Houses poke out of the foothills of Mount Hermon like brightly painted faces. They are illuminated by fingers of light.

Majdal Shams is the largest Syrian-Druze town in the Israel-occupied Golan Heights and this week many of the 11,000 members of the religious minority flocked to the streets in protest of the fate of their fellow Druze who are under threat by jihadi insurgents who have surrounded their towns in Syria.

Salman Fakhreddin has been watching tensions between the Sunni Muslim branch of al-Qaeda, Jabhat al-Nusra, and the Syrian Army escalate.

The human rights activist has a view from a corner window of his living room in Majdal Shams.

At night, the phosphorescence from the illuminated tracer rounds from machine gun fire near the Druze village of Hadar glow through the window.

He said the population in towns and villages in the southern parts of Syria near the buffer zone with Israeli-controlled territory were teeming with Syrians who had fled their homes. The population had ballooned from 500,000 to one million.

Who are the Druze?

The Druze are a 10th-century branch of Shiite Islam. Followers live in Israel, Syria, Lebanon and Jordan. In each country, the Druze swear allegiance to the government and serve in its armed forces.

He added the Druze in Syria in villages such as Hadar and Sweyda preferred to stay in their homes and defeat Jabhat al-Nusra if they were attacked instead of becoming refugees.

"When Syrians tried to cross in to the Golan in 2011 they were killed in a very brutal way by Israel, more brutal than Assad," he said.

Last week, Jabhat al-Nusra used tanks and artillery seized from a Syrian base to surround a cluster of Druze villages near the buffer zone with Israel. A move that Druze journalist and broadcaster Hamad Awidat said was strategic as they cannot be attacked in territory inside the buffer zone.

"One of Nusra's targets is to create a geographical bridge to the Qalamoun fights so they can support other militant groups with fighters and weapons," Awidat said.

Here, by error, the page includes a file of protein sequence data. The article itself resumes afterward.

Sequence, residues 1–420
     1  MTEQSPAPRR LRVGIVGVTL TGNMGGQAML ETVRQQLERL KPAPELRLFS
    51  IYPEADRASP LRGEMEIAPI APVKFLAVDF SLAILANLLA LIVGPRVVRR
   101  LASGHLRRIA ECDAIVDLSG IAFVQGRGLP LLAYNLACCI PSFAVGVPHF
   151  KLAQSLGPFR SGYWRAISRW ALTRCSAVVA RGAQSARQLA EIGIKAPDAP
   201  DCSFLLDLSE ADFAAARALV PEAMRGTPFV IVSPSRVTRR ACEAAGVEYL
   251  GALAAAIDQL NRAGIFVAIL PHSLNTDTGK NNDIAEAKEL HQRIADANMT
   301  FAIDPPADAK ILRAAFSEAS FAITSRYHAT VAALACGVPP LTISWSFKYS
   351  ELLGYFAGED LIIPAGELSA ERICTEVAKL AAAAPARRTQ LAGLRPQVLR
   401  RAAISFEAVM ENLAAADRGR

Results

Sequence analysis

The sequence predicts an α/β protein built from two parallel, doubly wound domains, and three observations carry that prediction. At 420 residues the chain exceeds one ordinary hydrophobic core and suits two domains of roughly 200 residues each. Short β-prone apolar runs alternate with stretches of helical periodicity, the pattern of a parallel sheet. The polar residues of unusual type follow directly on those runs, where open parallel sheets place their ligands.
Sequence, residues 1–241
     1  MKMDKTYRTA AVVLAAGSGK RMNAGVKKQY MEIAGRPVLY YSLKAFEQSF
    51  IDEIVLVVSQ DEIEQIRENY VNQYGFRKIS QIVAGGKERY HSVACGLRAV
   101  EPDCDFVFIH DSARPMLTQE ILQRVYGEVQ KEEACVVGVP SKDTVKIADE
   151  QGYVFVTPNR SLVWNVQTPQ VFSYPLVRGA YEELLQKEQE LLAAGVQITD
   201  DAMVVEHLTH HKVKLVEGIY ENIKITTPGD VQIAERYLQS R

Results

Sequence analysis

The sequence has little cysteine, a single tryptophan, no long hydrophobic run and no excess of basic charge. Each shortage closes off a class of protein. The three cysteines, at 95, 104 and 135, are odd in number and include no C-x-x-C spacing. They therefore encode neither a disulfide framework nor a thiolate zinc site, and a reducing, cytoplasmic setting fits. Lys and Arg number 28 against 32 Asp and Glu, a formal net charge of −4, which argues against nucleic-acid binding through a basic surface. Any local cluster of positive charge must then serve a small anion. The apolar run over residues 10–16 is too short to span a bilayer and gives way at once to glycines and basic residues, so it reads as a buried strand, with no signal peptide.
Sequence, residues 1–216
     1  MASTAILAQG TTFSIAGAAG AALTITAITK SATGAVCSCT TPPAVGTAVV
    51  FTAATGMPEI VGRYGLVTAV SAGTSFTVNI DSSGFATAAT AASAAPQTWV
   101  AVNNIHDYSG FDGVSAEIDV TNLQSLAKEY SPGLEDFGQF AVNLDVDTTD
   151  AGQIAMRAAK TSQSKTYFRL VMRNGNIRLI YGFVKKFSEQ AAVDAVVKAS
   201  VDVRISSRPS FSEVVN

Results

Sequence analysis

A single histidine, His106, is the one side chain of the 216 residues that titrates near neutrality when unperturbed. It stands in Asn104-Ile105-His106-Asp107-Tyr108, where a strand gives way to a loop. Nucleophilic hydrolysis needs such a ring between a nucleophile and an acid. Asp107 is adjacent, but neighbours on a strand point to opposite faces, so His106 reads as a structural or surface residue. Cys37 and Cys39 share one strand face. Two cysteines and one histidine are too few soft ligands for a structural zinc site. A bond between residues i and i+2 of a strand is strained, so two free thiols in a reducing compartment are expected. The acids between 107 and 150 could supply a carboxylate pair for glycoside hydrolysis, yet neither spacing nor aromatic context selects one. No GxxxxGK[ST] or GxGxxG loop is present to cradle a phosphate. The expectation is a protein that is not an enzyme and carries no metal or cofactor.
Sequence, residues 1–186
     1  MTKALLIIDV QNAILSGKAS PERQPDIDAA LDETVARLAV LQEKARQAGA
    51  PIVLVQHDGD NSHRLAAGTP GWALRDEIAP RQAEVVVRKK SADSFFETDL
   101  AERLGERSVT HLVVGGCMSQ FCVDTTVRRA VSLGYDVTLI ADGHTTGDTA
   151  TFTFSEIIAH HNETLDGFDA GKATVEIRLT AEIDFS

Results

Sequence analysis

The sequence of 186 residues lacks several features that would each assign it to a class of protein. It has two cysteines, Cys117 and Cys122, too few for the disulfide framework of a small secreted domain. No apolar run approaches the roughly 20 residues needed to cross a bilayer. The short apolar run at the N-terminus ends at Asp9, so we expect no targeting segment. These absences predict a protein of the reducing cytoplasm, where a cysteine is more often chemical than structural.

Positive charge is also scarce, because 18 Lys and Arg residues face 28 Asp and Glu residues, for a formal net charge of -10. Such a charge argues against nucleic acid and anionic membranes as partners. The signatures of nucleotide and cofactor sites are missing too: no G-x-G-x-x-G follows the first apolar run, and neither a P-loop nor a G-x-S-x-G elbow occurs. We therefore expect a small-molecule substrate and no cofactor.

Fighting edged close to Hadar last week after clashes in Jabbata, south of Hadar near the Quneitra Crossing and Bait Jin in the north east. On 11 June, 20 Syrian Druze were killed by Jabhat al-Nusra. In a statement two days, later the group expressed regret for the killings saying they had been carried out without authorisation.

A divided land

Off the main road outside of Majdal Shams, a steep dirt track swings to the right leading toward the buffer zone and ceasefire fence between Israel and Syria. Deep red cherries drip from trees in the orchards that are punctuated by abandoned fields with overgrown dried grass fenced off with barbed wire and small signs warning of the danger of land mines. Despite it being an agricultural area, Israel has not removed the mines in case of another war.

Israel captured the majority of the Golan Heights in the Six-Day War in 1967 splitting the Druze community. The ceasefire fence was built in 1981 when Israel annexed the Golan Heights.

Today, the land heading toward the buffer zone with Israel's uncleared mine fields and the ripe fruit of the Syrian Druze are a reminder that Israel and Syria are still officially in a state of war. United Nations peacekeepers were tasked with patrolling the buffer zone between Syrian and Israeli forces but abandoned their posts when the civil war escalated and are now in bases on the Israeli side.

Druze in the occupied Golan Heights mostly refuse to become Israeli citizens and passport holders and identify themselves as Syrian, while those inside Israeli towns and cities outside of the Golan do identify as Israelis and some serve in the Israel Defence Forces.

Greetings across the divide

In theory, telecommunications are prohibited but tell this to the Druze families arriving in cars, four-wheel drive vehicles and on horseback waving the five-coloured Druze flags proudly as they come to watch and message their family members caught up in the attacks drawing closer to Hadar.

Amira, 53, a Druze woman wearing traditional Druze clothing – a long black dress and a white head cover called a mandil – stands looking out over the town she was born in. She spoke to her sister on the phone this morning.

Her sister was trapped inside her house with her family as fighting escalated and became closer. She left Hadar 27 years ago when she married, separating her from her family in Syria. She said her sister's husband died two months ago but would not say if it was while fighting.

"My heart is racing, it's very hard standing here and seeing what's happening to them.